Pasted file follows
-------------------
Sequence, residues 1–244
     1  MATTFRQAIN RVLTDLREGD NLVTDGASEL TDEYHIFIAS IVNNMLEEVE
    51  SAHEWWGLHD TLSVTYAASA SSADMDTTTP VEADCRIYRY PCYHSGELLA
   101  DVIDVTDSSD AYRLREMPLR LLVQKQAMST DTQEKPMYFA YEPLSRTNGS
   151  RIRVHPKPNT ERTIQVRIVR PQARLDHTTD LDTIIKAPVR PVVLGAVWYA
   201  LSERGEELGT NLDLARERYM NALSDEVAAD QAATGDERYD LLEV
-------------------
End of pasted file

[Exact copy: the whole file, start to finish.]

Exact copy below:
Sequence, residues 1–244
     1  MATTFRQAIN RVLTDLREGD NLVTDGASEL TDEYHIFIAS IVNNMLEEVE
    51  SAHEWWGLHD TLSVTYAASA SSADMDTTTP VEADCRIYRY PCYHSGELLA
   101  DVIDVTDSSD AYRLREMPLR LLVQKQAMST DTQEKPMYFA YEPLSRTNGS
   151  RIRVHPKPNT ERTIQVRIVR PQARLDHTTD LDTIIKAPVR PVVLGAVWYA
   201  LSERGEELGT NLDLARERYM NALSDEVAAD QAATGDERYD LLEV